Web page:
Temporary Position

Temporary Position

5.0 1
by Scarlett Parrish
     
 

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Jess Ludlow thought she was agreeing to work on the shop floor, not all fours.Jess Ludlow’s spent three months trying to pretend she didn’t kiss two work colleagues after a staff dinner. They might not all work in the same department store but they’re employees of the same parent company and these things have a habit of refusing to be forgotten. The… See more details below

Overview

Jess Ludlow thought she was agreeing to work on the shop floor, not all fours.Jess Ludlow’s spent three months trying to pretend she didn’t kiss two work colleagues after a staff dinner. They might not all work in the same department store but they’re employees of the same parent company and these things have a habit of refusing to be forgotten. The biggest problem is deciding what she regrets more – kissing Tyler and Sebastian at all, or walking away.Both men have a vacancy only Jess can fill. A staffing dilemma gives them the perfect excuse to draft her in, and a brief window of opportunity to convince her they have unfinished business. Tyler can sweet-talk her in English, Sebastian’s fluent in Swedish, so between them (which is where Jess belongs), they’re ready to pull out all the stops.And the nipple clamps.Reader Advisory: This book contains a spitroast, nipple clamps and lots of dirty talk in Swedish

Product Details

ISBN-13:
9780857158000
Publisher:
Totally Bound Publishing
Publication date:
10/31/2011
Sold by:
Barnes & Noble
Format:
NOOK Book
Pages:
53
File size:
2 MB
Age Range:
18 Years

Related Subjects

Read an Excerpt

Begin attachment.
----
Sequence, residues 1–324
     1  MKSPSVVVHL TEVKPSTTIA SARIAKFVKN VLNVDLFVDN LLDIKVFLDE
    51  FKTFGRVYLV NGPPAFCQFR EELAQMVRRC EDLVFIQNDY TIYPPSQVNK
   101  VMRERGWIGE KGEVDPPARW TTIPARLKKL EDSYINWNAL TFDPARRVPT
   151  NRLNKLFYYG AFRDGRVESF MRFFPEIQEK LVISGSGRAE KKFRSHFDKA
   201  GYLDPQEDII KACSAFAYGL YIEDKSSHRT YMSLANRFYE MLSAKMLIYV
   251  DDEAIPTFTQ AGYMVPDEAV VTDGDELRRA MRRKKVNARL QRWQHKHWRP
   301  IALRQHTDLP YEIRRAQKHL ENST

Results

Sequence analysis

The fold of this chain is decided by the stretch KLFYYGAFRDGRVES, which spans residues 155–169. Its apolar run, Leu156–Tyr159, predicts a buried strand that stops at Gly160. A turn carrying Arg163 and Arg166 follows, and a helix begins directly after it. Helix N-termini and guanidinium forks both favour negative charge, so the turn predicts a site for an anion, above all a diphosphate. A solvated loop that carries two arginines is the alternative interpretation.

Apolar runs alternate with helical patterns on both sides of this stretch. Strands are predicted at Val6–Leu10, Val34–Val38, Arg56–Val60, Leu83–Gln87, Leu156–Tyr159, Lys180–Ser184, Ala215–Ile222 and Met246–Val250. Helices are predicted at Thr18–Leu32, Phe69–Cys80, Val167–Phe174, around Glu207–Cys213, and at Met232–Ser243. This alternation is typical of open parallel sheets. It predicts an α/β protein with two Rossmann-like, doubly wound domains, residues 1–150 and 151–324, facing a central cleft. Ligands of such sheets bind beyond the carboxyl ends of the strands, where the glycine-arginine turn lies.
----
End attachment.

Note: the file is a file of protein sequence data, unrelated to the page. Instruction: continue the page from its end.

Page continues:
Three months ago I attended a staff dinner dance too far from home to make for a comfortable, quick drive back. Besides which, I wanted to have a drink, so I opted to book a hotel room for the night. That way I could taxi back and fall into bed within minutes of leaving my work colleagues if I fancied. I hadn’t had too much to drink—only a few glasses of wine, and white, at that. Even one glass of red was enough to send me loopy. I’d thought I was playing it safe. Cue a casual conversation with Sebastian, a suggestion that, as he and Tyler were carpooling, they could drive me back to wherever I was staying... Before I knew it, I was in a car with the two best-looking Pearson’s employees in the region, desperately chanting to myself, Don’t say anything stupid, Jess. Don’t say anything stupid. Turned out Tyler—the Manager of his store no less—was the one to take that step. And he was the designated driver, stone cold sober. After pulling up outside my hotel, he looked over his shoulder and smirked. "Here we are." "Yeah." His smile was infectious—I couldn’t help returning it. "Here we are." I’d not yet laid my hand on the door handle. It would have seemed rude to just hop out and go upstairs, but by the same token I had no idea how to wrap up the conversation. "Would you think I was pulling rank if I mentioned a goodnight kiss?" I knew I hadn’t had that much to drink, and alcohol always seemed to affect my balance and speech first of all, anyway. Not my hearing. Three glasses of white spread over the whole evening, with a meal and soft drinks, too... I definitely wasn’t tipsy enough for my ears to have stopped working. "I...what?" "Jesus, Ty." Sebastian, who worked in the same store as Tyler, as his menswear manager, play-punched him on the arm. "You’d take advantage of a drunk woman?" "I’m not drunk." "See?" Tyler held up both his palms in a perfectly-executed gesture of innocence. "She’s not drunk." "Yes, because that’s exactly what a sober person would say." "Are you accusing me of...?" I began, but the look on Sebastian’s face halted me in my tracks. God damn it—I’d been talking to him all night and never seen him in that light before. The half-light as it was, from some nearby lampposts and the neon sign of my hotel. He was leaner than Tyler, but in no way less of a presence. There was a quiet intensity to him that I’d noticed during our conversation that evening, an ability to make me feel like the only woman in the room. It wasn’t that he’d stared at me while we conversed—that would have been too aggressive. But he’d paid attention and made me feel witty, urbane, like the sort of woman who stood a chance. I’d not had much to do with him up until now—we worked in different branches of Pearson’s—but this evening had thrown us together, almost like it was meant to happen. Like it was planned.

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